A Substitute for War

Basketball philosophy

Kevin Love and Michael Beasley’s careers: A good measure of my feel for the game theory

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(Source: Wikipedia)

It’s fairly interesting that Michael Beasley’s career has gone down a mediocre path, that a Timberwolves lottery team isn’t giving him the qualifying offer at this, the end of his rookie scale contract. This is already the 2nd time in Beasley’s career, including his Miami contract dump to Minnesota, that a team has all but said “We’d rather have capspace than you. You are the weakest link. Goodbye”

Beasley was considered a surefire superstar coming out of college, after his Kevin Durant like freshman season statistically he where averaged 26, 12 and 53%. For most of that season Beasley had every bit the hype of Durant. Only the last few months before the draft did Derrick Rose’s meteoric rise in the tournament and concerns over Beasley’s motor remove some of the gloss.

Kevin Love on the other hand, while having just as dominant a freshman college season, was considered a good prospect that people weren’t sold on the upside of as much as Beasley, due to less than dominant physical tools and height. Amazingly, it is the Love who’s putting up a 26/13, MVP caliber production and Beasley who is a mediocre all but bust.

While Kevin Love certainly plays with a much better motor and toughness than Beasley, I can’t imagine that effort level is responsible for the difference between them. Beasley has never looked like the star talent he was made out to be. He was the one of the two players who suffered being being a small PF, while his post game from college disappeared as a result. For the most part he’s now a midrange jumpshooter.

If you read my 2012 draft big board, I introduced my hypothesis that a player’s impact is 33% physical, 33% skill, and 33% feel for the game. The last one is the most vague. Other terms I’d use to describe what I’m getting at is spatial awareness, vision, how natural they look as players. You know how James Harden and Paul Pierce makes the game look like it moves much slower for them than everyone else, as they calmly do their old man game ballhandling and driving into the lane craftiness? You know how Anthony Randolph and Jerryd Bayless play basketball like they’re having a permanent brain fart, are forced to rush into plays out of control, and seem like the game moves far too fast for them to keep up with? That’s the difference between great and poor feel for the game as far as I’m concerned.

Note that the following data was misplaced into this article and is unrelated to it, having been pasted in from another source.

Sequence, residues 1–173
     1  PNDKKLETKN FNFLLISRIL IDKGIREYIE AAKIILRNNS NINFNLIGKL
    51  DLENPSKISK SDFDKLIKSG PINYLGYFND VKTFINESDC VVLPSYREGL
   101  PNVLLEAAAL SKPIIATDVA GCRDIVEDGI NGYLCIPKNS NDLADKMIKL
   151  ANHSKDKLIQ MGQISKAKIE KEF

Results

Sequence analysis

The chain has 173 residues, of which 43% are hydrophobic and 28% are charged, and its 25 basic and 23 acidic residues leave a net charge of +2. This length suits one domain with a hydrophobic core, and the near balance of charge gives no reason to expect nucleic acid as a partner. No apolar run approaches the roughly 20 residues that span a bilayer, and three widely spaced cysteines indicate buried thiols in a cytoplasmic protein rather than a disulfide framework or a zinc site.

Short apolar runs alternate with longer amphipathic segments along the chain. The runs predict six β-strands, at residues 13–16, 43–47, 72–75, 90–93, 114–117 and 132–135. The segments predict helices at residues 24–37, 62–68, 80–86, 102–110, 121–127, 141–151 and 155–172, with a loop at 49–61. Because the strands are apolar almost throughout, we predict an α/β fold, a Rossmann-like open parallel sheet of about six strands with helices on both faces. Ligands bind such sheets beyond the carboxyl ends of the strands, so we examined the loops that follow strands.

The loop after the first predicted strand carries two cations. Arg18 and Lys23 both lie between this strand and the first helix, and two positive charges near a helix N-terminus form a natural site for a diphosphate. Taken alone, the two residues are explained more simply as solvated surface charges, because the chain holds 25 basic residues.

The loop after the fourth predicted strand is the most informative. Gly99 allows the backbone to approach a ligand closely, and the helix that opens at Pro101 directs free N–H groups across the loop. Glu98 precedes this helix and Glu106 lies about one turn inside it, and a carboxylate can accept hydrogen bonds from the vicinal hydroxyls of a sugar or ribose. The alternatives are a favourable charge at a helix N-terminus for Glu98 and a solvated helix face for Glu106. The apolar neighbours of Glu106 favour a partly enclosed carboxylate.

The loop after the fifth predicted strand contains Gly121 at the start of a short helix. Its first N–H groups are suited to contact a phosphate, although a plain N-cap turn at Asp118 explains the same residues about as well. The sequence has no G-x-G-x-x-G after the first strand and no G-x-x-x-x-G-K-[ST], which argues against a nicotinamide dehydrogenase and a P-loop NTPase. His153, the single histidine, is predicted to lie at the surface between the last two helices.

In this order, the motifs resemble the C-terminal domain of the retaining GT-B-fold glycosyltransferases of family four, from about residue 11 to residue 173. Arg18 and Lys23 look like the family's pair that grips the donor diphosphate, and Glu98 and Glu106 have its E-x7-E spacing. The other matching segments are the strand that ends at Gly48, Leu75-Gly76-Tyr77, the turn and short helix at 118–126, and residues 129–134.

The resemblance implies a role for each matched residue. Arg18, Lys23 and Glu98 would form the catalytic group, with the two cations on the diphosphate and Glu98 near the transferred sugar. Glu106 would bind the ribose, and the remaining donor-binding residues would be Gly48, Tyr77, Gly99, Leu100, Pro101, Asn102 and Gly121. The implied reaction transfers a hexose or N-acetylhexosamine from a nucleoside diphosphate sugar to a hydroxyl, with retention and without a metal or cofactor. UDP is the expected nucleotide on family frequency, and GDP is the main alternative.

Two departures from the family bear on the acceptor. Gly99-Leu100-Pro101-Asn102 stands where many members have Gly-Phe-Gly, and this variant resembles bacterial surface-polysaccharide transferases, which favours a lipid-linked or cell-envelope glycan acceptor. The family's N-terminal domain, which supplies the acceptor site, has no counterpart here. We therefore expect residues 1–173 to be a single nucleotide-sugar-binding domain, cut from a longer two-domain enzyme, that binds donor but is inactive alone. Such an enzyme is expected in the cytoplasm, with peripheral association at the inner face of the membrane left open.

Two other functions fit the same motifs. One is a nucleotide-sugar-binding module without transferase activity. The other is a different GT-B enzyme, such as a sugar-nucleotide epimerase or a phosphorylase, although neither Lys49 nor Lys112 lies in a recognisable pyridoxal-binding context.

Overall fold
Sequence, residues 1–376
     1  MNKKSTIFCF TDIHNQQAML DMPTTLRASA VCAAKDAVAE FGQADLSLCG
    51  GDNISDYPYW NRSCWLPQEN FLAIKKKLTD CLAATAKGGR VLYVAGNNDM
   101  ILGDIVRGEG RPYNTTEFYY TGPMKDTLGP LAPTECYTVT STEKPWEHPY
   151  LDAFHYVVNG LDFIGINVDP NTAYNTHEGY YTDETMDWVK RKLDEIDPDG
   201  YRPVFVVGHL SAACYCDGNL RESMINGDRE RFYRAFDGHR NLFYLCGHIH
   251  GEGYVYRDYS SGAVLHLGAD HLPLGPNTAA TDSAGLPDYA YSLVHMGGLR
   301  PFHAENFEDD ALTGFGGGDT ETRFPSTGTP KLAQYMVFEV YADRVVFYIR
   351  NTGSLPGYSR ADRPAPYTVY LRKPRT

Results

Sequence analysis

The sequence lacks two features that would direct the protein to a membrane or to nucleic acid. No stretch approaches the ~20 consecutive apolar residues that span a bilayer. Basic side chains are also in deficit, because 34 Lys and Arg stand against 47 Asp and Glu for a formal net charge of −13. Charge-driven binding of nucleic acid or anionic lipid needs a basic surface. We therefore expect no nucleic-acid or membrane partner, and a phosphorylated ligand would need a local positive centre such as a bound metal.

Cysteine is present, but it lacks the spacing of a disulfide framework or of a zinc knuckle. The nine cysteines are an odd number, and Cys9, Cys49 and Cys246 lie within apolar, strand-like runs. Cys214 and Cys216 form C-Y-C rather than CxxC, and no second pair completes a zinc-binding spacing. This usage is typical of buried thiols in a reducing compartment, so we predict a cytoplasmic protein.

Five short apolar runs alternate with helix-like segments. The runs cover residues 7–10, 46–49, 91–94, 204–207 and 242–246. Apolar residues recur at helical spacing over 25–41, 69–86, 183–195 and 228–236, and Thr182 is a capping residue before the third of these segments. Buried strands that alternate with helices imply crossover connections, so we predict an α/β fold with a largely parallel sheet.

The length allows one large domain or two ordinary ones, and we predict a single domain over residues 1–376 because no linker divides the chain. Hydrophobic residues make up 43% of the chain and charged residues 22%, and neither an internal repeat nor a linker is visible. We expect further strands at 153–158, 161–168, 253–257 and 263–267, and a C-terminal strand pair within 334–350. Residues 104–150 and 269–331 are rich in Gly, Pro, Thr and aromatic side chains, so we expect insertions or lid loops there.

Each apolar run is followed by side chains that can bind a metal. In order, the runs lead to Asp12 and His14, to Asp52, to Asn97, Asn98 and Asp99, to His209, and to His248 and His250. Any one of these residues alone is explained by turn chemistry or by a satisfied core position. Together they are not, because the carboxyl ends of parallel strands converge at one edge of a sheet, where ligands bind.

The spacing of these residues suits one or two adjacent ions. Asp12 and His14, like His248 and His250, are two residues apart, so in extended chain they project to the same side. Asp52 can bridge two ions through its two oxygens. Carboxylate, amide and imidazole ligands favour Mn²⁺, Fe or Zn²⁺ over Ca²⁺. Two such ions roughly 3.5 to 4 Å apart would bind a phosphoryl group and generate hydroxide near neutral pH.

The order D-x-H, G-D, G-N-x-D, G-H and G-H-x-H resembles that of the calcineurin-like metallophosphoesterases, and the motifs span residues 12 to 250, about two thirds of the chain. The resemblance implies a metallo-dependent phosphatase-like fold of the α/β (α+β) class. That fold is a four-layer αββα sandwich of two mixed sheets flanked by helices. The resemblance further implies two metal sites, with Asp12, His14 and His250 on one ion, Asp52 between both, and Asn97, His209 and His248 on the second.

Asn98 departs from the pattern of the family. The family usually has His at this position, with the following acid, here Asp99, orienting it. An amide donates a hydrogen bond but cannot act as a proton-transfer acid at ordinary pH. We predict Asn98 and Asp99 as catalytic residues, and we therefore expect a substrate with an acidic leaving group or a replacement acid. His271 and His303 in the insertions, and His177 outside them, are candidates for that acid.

One fun way I try to keep track of how much I like a player’s impact in the physical impact, skill impact and feel for the game, is to give them a numerical score for how they compare to their position – But the catch is the 3 numbers add up to the player’s total PER. I rank it from 1 to 11. Why 11? Because 3 11s would make the max a 33 PER, which is a better cap than 30, which players like Lebron this season or MJ in the past, have broken. A player who gets 5, 5, and 5 gets a 15 PER, which like those scores, is the definition of an average player. Anyways, it seems to line up fairly smoothly. For example Lebron gets an 11 in physical, an 11 in feel for the game, and a 9 in skill to make his 31 PER. Chris Paul gets an 11 in skill, 11 in feel for the game, and 5 in physical (he was once higher pre surgery) to end up with his 27 PER. And so on. Anyways, here are my two scores for Kevin Love last season and Michael Beasley his 2nd and final year at Miami – I used this season because comparing them both to power forwards is more direct, plus I believe Beasley will go back to being a long term power forward on his next team.

Kevin Love – 25 PER

Physical impact: 4 – A case could be made for attributing some of his rebounding to his physical impact, but I have Love’s rebounding as instinctual and IQ based, which fits more in feel for the game. Overall Love is improving using his size in the post, but physical impact isn’t how he dominates.

Skill impact: 10 – Kevin Love is one of the most skilled big men in the league, with a great shooting and post game

Feel for the Game: 11 – Love has an incredible feel for the court and mind for the game, which helps him get those rebounds, play off the ball, start fastbreaks, etc.